I’ve struggled for years with the role I need to play in the life of my sons. My pursuit of personal development and career has been a driving force in our family for some time now. “There is no point in doing this if I can’t do it well!” I would proclaim in the heat of arguments about my perpetual “absences”. I do not mean that I was travelling for work, or that I skulked away to enjoy “Bro time!” with the lads at the pub. I was hard at work, studying, but apparently not engaged in the family. I had chosen a new career and committed substantial resources to a university program that was both time consuming and physically taxing. I was following my passion, but I was home too. I was there to HEAR the kids playing, there to SEE them grow, there to put them to bed and all the good and bad times that come with being a parent/student with two under 5 year old children.
I was home. Or was I?
I had convinced myself that being a parent was about just being present. “Congrats you’re here! Thanks for coming. Collect your children and many kudos on your way out.” If we learn nothing from dead-beat parents, it is that the mere bare bones basics of parent-hood is - showing up. Don’t get me wrong, showing up, being present IS a big step. I do not want to down play its’ significance. But if fatherhood was a ladder.
STEP 1: Sperm donation. STEP 2: Be present. STEP 3: ??? - This begs a question.
Now what do I do?
Being a Father should be more than a title. If you step out of the big picture a bit you will see that being a father is more than a noun. Fatherhood is a process, an action - a verb. It is not a medal given out at maternity wards. Being a father means doing the hard yards even when the man flu’s got you in a death grip. It means setting aside EGO and doing the self-reflection needed to be a better dad and better person. It’s about being a coach, mentor, teacher, judge - etc. Mostly it’s about sharing your life and time and helping make somebody that will truly change the world.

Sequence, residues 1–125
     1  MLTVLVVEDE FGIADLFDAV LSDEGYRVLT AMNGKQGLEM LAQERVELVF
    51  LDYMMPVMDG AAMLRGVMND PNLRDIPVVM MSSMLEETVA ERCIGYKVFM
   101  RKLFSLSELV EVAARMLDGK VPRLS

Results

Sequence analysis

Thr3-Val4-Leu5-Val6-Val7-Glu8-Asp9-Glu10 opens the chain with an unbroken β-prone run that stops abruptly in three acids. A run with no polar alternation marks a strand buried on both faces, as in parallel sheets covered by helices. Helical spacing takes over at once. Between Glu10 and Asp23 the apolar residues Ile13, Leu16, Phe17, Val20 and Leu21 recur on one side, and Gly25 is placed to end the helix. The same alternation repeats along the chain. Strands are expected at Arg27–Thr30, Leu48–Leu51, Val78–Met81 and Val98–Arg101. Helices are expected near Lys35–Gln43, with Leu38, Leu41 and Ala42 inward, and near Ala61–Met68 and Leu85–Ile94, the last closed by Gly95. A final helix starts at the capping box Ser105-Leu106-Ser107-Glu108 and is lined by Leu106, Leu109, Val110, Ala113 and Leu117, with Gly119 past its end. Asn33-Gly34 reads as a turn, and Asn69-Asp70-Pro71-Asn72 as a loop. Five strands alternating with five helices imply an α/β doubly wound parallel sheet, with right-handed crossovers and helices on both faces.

It sounds overwhelming!
Now I could put a number of inspirational quotes in here that tell you to “take small steps” and “The biggest tree comes from the littlest acorn”, Zen bullshit, but I don’t think it sends the right message.
Eric’s website has been a great go-to for me in my parental learnings and while I am not or ever was a military elite, I am interested in human performance and training much like Eric, especially when it comes to being a better father and raising my kids.
So here is my plan of action. I am going to plan some time to spend with my kids. I am actually going to pencil it into my calendar. I want it to be different and a little challenging and these adventures are going to involve a few key elements.
1. Getting out of the comfort zone.
Kids and adults don’t spend enough time burning energy outside these days. My 8 year old can literally run for kilometres. I need to run wild a bit too. Let’s target some areas that are a little off the beaten track.
2. Learning new skills.
These don’t have to be huge life changing lessons where you bestow the wisdom of the ages. Literally things like tying a knot, organising to be safe around the water, etc. Think practical. Hell, it can be a skill you are trying to learn too.
3. Low cost.
You don’t need to go build houses in a third world country. I mean, you can if you want, it’s actually very noble, but maybe for this, start small and go from there. Invest your time.
4. Have Fun!
The most important part. Having fun creates the desire to repeat the experience.
Remember the point is to DO something active with your kids.So make a plan and go!
ryanholiday.net - Some of the best reading material I’ve found that discusses all sorts of topics that are relatable to developing oneself as better person and father. Newest book is called: Ego is the Enemy.
ericdavis215.com - A former Navy Seal sniper instructor. A huge advocate for being an engaged parent and developing yourself as a leader and example for your family. Newest book is called: Lessons Navy Seals learned from their training and taught to their sons. Raising Men.
A Kiwi/Canadian Veterinarian, husband and father - An explorer at heart.